1. @David Bennett Piano Trying to make up for the lack of Radiohead in this one? 😉

    2. @gwalla haha, Radiohead come up with some cracking chord sequences that shouldn’t work but sound great.

    3. @David Bennett Piano David, something you may not have heard but uses odd chord sequences is various songs of Fantastic Planet by Failure. There’s also Nirvana – In Bloom is a good example

    4. @JDODify I agree. In Bloom is a great example. I would add Norwegian Wood’s use of D major directly into D minor. I know The Beatles used parallel keys (modal mixture) a lot, but usually with some sort of pivot chord. The direct transition is abrupt but somehow works great.

  8. This covers it nicely. Maybe another example might be any chord progression that revolves around Am, Dm, and E7. I feel like a lot of R&B over the last 20 years, especially in the 2000s, used those chords.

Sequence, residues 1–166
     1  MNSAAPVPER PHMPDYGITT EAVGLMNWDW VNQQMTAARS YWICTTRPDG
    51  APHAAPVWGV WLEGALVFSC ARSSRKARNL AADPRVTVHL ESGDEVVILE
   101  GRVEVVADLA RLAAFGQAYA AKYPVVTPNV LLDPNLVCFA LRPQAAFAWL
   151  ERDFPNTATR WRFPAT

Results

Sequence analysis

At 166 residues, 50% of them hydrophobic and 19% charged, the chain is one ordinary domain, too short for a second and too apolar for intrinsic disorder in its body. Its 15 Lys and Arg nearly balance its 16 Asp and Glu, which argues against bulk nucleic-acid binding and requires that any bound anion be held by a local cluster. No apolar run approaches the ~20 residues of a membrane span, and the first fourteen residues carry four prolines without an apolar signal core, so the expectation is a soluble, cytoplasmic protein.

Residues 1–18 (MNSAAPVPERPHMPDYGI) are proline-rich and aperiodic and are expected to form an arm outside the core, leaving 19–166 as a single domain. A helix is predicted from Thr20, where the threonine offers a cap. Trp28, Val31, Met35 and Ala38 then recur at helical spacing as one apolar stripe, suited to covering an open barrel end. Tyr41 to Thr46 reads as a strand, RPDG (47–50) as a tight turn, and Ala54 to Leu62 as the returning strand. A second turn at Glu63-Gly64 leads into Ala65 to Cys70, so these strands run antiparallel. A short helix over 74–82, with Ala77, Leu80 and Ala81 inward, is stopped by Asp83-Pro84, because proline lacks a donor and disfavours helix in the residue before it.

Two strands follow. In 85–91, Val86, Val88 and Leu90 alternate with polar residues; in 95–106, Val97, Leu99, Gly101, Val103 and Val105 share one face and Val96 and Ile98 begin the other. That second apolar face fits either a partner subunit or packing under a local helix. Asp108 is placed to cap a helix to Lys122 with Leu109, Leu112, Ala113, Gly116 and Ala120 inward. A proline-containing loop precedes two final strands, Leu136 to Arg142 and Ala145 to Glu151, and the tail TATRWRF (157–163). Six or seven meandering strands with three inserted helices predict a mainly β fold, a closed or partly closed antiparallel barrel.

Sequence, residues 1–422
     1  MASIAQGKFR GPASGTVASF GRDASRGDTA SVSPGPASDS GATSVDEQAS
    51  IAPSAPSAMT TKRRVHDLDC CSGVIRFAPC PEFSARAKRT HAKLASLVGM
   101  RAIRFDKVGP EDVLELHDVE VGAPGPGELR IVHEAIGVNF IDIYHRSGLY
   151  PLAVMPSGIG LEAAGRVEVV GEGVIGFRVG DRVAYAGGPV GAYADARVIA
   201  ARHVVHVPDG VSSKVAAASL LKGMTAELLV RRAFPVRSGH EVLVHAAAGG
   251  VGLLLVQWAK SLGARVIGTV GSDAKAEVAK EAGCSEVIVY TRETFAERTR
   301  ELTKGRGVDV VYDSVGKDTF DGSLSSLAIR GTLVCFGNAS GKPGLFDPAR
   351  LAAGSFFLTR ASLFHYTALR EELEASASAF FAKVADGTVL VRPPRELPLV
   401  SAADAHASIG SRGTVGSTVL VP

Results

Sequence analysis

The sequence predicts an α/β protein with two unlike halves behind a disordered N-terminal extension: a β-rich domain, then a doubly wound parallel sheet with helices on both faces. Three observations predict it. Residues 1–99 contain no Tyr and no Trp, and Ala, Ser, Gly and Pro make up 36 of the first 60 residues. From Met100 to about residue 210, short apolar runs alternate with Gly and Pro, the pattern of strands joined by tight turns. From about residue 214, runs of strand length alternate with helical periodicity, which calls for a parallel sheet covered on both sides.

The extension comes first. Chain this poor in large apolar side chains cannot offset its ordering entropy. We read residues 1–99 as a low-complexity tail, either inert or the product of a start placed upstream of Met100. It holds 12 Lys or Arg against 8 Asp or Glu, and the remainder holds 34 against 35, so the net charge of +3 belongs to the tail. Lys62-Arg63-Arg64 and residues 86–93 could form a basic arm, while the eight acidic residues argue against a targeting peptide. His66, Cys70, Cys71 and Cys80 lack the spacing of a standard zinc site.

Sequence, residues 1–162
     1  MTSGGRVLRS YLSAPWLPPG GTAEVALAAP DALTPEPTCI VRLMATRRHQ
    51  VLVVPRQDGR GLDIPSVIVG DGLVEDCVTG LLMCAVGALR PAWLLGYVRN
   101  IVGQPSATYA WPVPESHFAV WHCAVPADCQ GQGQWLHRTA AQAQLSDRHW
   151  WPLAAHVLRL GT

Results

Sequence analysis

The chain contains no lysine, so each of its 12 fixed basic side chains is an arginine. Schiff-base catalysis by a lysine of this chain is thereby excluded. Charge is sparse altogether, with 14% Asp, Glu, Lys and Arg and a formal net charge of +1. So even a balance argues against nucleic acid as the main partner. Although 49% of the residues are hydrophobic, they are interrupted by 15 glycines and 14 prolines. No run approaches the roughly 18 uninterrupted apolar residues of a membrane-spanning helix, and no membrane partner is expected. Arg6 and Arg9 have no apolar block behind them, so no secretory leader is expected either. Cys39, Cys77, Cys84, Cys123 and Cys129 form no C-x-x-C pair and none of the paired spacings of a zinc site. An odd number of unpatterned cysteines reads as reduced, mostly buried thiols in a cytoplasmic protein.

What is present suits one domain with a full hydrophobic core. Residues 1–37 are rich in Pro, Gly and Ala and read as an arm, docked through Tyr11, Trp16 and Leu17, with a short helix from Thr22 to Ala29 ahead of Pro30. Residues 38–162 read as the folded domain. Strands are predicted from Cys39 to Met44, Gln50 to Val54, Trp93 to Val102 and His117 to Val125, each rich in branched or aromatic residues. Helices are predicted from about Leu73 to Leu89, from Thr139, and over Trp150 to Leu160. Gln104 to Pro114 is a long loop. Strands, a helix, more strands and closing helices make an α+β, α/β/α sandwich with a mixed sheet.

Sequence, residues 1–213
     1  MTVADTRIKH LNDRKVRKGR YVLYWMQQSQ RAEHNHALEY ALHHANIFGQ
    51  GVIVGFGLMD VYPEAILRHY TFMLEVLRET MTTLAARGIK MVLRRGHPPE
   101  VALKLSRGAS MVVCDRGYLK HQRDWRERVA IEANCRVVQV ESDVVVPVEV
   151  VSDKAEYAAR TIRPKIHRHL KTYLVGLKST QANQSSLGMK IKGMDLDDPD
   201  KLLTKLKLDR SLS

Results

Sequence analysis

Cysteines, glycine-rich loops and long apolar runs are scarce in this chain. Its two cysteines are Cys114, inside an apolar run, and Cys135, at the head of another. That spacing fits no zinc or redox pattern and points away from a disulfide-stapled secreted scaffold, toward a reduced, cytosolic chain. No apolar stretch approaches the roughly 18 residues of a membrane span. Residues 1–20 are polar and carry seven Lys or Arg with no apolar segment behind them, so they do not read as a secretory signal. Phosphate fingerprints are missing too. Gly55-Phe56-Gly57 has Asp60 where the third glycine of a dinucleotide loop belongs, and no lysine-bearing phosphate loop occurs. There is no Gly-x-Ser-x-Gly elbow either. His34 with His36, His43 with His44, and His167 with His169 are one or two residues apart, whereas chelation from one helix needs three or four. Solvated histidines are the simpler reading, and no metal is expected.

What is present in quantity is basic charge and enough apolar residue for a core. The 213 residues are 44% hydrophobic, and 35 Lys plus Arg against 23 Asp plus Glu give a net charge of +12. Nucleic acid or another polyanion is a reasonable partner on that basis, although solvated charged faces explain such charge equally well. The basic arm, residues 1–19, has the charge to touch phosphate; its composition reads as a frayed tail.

9. Oh, that was just absolutely brilliant. I can’t believe all that had just passed me by all the years I’ve been playing. These videos are fantastic, David – thanks very much indeed.

  10. That piano piece you played at the end over the Patreon names really gave me a Sims 1 OST vibe – a warm sound with just a single piano playing.

    Not sure if it was intentional or not, but it sounded great! Love your videos and look forward to the next one!

  11. Great video as ever. You’ve inadvertently summarised why I like some songs and not others, based on their progressions!

  12. The Mixolydian vamp is why I always say that harmonically, mixolydian is wayyyy brighter and happier sounding than Ionian major. Every song that uses that progression makes me feel dreamy and happy.

  13. ‘Let It Be’ is probably the perfect example to use at 2:48, as its words mirror its chord progression perfectly as based on your explanation:
    I – ‘When I find myself’ – Something incomplete. It could be the whole story, but that would be incredibly boring.